Medical records did not have to document a work injury to obtain disability benefits, according to the Missouri Court of Appeals in the case Daly v Powell Distributing, WD 71575, 71576 (Mo. App. 9-28-10).
The court of appeals remanded claimant’s two cases to re-address whether claimant was owed permanent and total disability from the employer or second injury fund and whether to award medical expenses. Claimant began work in 1995, worked about 5 years, delivered 300-400 soda cases a day and required low back surgery in 2000. Dr. Trecha, his back surgeon, released claimant in 2001 with 30 pound restrictions. The employer was ordered to pay benefits on the low back case in a temporary award. The employer disputed that claimant’s subsequent neck pain, tremors, 2003 cervical fusion, and his hernia flowed from his repetitive job activities and manifested themselves as a natural and probable consequence of work hardening. Medical records identified an onset after claimant ended his employment and did not document a clear work-related etiology.
Although the Division ordered the employer to provide benefits for the back, ALJ Herschel denied benefits for the neck and abdomen, a decision affirmed unanimously by the commission. The commission noted medical records did not show the “slightest connection” between work and claimant’s neck and abdomen conditions and found claimant’s expert not credible because he relied upon a “leap of faith” to prove causation.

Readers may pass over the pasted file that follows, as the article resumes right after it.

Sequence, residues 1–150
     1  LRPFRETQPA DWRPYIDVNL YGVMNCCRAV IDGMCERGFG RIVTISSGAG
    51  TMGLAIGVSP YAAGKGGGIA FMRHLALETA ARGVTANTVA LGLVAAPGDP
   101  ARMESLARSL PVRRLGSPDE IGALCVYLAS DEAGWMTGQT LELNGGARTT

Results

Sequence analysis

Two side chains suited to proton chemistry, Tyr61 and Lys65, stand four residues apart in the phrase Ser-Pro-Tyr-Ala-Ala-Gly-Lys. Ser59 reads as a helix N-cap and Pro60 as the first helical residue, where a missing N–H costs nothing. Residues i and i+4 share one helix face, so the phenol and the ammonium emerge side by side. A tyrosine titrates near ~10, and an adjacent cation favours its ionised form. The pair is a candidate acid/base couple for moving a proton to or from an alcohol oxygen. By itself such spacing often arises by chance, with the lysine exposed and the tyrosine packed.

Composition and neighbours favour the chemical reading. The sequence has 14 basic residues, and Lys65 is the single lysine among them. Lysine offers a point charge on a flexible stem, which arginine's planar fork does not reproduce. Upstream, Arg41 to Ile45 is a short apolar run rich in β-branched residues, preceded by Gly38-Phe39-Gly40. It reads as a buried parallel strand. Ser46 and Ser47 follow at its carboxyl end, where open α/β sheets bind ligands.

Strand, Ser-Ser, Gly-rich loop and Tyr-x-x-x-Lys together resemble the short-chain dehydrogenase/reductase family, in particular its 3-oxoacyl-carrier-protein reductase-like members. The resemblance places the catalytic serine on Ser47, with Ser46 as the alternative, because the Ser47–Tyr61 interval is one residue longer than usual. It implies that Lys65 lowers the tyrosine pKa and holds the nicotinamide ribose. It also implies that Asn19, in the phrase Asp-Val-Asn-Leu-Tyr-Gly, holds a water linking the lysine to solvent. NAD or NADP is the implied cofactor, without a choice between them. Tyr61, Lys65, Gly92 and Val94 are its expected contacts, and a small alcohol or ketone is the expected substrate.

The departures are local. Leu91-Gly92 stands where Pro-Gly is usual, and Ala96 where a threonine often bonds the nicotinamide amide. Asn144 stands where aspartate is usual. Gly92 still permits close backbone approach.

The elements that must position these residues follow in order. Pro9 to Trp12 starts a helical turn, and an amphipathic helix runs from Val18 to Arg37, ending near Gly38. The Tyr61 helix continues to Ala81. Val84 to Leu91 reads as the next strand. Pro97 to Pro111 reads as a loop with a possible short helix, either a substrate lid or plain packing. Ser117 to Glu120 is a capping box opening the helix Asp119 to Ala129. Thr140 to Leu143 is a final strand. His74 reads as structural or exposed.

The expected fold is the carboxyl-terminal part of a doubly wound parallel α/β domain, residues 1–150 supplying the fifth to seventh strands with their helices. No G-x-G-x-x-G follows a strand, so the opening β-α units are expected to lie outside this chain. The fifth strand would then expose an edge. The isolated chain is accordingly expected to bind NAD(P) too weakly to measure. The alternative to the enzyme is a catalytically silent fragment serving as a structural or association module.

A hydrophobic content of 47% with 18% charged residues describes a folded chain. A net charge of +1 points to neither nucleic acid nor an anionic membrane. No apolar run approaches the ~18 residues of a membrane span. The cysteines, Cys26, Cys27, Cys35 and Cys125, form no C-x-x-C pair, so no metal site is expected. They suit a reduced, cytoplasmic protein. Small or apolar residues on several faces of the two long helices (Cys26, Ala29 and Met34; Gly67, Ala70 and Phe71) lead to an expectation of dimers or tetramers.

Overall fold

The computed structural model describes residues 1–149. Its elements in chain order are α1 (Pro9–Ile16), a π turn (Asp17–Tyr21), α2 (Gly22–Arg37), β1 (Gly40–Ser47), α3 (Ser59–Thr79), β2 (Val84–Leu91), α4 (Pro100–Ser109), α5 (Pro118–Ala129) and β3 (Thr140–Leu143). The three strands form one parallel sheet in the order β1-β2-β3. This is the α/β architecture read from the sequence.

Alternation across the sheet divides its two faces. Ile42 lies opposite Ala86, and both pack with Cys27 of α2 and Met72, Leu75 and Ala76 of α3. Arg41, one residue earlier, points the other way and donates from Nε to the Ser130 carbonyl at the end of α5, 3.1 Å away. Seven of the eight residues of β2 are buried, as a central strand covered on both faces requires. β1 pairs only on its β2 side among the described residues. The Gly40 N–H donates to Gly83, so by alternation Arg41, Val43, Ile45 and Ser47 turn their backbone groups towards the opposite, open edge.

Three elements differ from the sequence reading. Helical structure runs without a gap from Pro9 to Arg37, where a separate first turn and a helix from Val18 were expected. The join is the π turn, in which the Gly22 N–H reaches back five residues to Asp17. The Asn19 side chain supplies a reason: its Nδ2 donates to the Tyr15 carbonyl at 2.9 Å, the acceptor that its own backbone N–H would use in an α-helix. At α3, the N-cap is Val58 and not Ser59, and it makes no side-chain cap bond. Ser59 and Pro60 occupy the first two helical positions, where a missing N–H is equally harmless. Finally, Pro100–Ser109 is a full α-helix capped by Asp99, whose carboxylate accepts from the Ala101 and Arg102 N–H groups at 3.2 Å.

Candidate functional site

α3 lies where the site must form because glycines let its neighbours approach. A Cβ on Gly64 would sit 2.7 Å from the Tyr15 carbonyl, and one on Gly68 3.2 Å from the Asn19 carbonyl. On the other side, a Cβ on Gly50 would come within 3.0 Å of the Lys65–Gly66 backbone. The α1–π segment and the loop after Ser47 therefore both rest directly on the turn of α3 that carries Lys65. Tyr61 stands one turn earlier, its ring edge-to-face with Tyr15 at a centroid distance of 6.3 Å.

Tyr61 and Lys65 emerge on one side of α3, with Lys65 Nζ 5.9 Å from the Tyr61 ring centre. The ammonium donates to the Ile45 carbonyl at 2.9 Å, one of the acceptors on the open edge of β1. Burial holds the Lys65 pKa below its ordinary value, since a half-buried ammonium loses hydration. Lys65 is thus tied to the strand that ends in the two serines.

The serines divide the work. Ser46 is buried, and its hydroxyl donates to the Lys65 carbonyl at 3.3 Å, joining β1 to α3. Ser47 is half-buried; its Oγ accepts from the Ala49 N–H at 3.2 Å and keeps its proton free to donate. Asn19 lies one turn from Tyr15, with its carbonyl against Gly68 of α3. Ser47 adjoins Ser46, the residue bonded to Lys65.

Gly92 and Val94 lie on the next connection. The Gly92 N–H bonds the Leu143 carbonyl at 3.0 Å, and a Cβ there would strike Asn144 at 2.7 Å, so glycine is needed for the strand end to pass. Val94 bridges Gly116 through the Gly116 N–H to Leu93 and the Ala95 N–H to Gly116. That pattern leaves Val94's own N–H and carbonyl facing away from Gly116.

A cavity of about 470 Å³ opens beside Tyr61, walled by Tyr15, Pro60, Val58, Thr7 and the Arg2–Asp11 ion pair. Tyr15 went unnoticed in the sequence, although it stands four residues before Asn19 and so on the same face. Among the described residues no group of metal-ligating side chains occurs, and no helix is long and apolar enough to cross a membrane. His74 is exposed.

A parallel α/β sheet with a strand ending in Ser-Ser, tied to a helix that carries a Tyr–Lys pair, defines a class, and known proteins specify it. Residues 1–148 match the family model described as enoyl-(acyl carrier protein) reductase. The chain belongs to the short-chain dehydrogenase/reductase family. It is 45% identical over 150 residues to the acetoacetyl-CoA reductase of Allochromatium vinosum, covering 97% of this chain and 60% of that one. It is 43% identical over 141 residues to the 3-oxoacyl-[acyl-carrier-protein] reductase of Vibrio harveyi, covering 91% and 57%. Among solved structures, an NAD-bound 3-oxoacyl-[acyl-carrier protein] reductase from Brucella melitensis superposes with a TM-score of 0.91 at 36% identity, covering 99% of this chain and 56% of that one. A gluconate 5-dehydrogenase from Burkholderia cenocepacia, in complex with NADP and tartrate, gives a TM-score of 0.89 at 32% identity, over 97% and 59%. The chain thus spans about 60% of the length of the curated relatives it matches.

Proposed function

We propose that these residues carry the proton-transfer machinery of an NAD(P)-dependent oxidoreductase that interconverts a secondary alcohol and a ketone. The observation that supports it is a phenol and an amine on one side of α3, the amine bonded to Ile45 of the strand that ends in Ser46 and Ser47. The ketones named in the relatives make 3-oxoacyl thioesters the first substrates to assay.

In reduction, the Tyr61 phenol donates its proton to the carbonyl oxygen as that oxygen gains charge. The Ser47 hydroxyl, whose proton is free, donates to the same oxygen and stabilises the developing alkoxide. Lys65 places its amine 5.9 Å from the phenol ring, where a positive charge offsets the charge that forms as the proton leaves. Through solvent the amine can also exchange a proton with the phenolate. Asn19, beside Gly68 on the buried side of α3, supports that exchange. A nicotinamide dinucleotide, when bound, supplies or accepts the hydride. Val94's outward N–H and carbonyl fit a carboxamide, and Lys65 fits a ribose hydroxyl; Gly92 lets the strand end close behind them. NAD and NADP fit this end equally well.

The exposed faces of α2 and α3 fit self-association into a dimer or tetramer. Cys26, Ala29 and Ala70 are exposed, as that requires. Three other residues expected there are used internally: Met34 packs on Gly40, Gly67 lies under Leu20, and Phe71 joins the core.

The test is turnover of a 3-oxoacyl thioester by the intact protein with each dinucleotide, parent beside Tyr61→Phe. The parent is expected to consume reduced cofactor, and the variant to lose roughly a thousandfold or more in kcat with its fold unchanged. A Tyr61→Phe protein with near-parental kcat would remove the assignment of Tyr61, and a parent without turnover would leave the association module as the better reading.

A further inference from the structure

The court of appeals remanded the case and found an award for disability could be based solely on testimony from Dr. Cohen, claimant’s examining expert, and did not require corroboration in the medical records. Dr. Cohen found causation based on claimant’s job duties or accident during work hardening. The employer’s expert, Dr. Heim, disputed causation based on remoteness of symptoms, but the court found his assumptions when the neck symptoms began was erroneous. The court found causation uncontroverted of the neck condition because the employer’s expert conceded job duties “could cause a change” in claimant’s degenerative neck” depending on how often and how long the activity occurred.
Claimant, 54, alleges he was unemployable, although he worked part-time in a bank. A vocational expert indicated claimant was not permanently and totally disabled as a result of his back surgery, but did not fully consider the impact of claimant’s neck fusion and hernia.
Source: Martin Klug, Huck, Howe & Tobin. Read Martin Klug’s Mo. Workers’ Comp Alerts